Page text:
Smart Software, will lead a 30-minute webinar as part of the WERC Solutions Partner Program. The presentation will focus on how a leading Electric Utility implemented Smart Inventory Planning and Optimization (Smart IP&O) as part of the company’s strategic supply chain optimization (SCO) initiative.

## The Supply Chain Blame Game: Top 3 Excuses for Inventory Shortage and Excess

The supply chain has become the blame game for almost any industrial or retail problem. Shortages on lead time variability, bad forecasts, and problems with bad data are facts of life, yet inventory-carrying organizations are often caught by surprise when any of these difficulties arise. So, again, who is to blame for the supply chain chaos? Keep reading this blog and we will try to show you how to prevent product shortages and overstocking.

Four Ways to Optimize Inventory

# forecasting and inventory optimization

## Now More than Ever

Inventory optimization has become an even higher priority in recent months for many of our customers.  Some are finding their products in vastly greater demand; more have the opposite problem. In either case, events like the Covid19 pandemic are forcing a reexamination of standard operating conditions, such as choices of reorder points and order quantities.

Even in quieter times, inventory control parameters like Mins and Maxes may be set far from their best values. We may ask “Why is the reorder point for SKU_1234 set at 20 units and the order quantify set at 35?” Those choices were probably the ossified result of years of accumulated guesses. A little investigation may show that the choices of 20 and 35 are no longer properly aligned with current demand level, demand volatility, supplier lead time and item costs.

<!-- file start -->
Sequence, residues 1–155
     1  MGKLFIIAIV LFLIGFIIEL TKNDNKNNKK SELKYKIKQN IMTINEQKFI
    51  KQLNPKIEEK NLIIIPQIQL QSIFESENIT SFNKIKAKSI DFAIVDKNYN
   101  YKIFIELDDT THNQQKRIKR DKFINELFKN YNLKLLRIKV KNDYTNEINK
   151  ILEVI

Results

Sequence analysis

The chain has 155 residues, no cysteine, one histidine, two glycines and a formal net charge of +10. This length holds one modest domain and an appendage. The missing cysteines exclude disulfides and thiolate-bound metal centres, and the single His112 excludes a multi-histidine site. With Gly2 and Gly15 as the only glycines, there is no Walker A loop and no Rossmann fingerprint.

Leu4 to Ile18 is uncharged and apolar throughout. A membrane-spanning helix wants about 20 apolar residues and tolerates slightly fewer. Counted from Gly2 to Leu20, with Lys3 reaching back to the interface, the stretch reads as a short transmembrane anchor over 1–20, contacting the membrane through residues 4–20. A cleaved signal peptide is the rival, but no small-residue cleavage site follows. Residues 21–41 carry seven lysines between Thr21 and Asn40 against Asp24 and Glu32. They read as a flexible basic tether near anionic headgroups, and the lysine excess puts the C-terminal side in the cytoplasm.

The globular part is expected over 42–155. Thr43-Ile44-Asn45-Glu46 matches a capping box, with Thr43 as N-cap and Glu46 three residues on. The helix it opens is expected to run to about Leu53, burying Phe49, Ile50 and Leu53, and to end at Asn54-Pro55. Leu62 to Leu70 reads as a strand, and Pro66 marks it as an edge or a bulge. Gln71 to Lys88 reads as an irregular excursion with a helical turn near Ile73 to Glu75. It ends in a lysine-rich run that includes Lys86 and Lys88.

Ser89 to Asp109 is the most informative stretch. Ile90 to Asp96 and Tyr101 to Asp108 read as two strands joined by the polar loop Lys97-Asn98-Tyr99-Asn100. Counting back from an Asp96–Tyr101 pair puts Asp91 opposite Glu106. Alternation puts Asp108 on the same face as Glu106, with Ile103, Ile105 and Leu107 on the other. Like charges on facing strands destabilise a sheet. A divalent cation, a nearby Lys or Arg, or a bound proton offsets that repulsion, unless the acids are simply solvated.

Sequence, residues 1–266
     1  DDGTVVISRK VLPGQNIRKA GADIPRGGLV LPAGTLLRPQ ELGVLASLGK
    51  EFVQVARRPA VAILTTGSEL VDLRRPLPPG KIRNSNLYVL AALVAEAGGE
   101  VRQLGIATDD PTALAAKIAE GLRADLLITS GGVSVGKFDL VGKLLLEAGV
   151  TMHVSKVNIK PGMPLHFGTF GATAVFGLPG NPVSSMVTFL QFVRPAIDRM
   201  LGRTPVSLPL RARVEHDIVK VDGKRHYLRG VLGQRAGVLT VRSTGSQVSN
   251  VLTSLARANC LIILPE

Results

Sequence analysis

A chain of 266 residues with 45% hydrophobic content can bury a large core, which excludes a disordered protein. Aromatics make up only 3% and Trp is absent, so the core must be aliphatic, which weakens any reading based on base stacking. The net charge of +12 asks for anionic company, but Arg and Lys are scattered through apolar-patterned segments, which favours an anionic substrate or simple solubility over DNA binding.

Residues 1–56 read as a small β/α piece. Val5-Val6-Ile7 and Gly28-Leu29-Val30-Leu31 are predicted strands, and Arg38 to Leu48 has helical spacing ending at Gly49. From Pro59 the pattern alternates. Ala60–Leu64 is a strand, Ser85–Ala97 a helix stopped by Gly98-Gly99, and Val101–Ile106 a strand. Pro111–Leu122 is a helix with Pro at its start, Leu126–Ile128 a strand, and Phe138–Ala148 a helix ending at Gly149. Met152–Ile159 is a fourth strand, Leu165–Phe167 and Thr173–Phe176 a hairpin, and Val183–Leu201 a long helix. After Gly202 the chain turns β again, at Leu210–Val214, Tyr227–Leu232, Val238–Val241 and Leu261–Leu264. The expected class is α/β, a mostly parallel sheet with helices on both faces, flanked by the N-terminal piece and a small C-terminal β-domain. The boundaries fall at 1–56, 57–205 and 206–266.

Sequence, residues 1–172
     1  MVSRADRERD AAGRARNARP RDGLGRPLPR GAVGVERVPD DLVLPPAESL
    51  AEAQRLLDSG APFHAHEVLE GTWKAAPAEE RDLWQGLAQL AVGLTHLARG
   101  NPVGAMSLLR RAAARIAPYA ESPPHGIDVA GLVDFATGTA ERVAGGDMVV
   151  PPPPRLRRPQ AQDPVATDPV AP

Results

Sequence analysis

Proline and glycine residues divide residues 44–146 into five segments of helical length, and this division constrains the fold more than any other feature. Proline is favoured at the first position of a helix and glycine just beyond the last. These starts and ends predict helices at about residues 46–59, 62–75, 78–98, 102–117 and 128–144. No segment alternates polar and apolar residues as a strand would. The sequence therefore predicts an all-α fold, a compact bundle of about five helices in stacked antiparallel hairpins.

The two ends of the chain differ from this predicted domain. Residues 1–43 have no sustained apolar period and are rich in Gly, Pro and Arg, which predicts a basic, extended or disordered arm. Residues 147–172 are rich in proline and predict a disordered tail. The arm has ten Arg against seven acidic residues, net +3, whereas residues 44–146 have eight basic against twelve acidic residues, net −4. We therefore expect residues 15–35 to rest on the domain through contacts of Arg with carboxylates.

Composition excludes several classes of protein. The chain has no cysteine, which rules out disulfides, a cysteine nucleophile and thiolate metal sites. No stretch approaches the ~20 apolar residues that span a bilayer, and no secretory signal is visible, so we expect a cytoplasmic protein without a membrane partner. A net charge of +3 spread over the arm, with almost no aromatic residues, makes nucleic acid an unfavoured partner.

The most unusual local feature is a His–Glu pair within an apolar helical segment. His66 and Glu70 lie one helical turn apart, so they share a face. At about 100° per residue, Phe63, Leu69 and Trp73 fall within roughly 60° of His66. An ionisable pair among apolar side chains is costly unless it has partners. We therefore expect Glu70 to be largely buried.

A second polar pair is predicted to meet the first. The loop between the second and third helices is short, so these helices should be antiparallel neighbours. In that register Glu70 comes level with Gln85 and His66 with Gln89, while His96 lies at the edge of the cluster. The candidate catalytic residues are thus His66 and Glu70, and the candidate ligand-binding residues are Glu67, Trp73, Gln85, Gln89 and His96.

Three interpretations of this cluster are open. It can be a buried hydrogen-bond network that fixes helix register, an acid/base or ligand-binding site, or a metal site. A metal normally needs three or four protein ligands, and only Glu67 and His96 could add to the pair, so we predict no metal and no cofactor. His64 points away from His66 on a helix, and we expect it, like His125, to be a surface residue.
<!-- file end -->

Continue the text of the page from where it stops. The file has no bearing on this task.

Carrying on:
The nagging feeling that “We should re-think all these choices” is often followed by “Oh no, we have to figure this out for all 10,000 items in inventory?” The savior here is advanced software that can scale up the process and make it not only desirable but feasible.  The software uses sophisticated algorithms to translate changes in inventory parameters such as reorder points into key performance indicators such as service levels and operating costs (defined as the sum of holding costs, ordering costs, and shortage costs).

This blog describes how to gain the benefits of inventory optimization by outlining 4 approaches with varying degrees of automation.

## Four Approaches to Inventory Optimization

### Hunt-and Peck

The first way is item-specific “hunt and peck” optimization. That is, you isolate one inventory item at a time and make “what if” guesses about how to manage that item. For instance, you may ask software to evaluate what happens if you change the reorder point for SKU123 from 20 to 21 while leaving the order quantity fixed at 35. Then you might try leaving 20 alone and reducing 35 to 34. Hours later, because your intuitions are good, you may have hit on a better pair of choices, but you don’t know if there is an even better combination that you didn’t try, and you may have to move on to the next SKU and the next and the next… You need something more automated and comprehensive.

There are three ways to get the job done more productively. The first two combine your intuition with the efficiency of treating groups of related items. The third is a fully automatic search.

### Service-level Driven Optimization

1. Identify items that you want to all have the same service level. For instance, you might manage hundreds of “C” items and wonder whether their service level target should be 70%, or more, or less.
2. Input a potential service level target and have the software predict the consequences in terms of inventory dollar investment and inventory operating cost.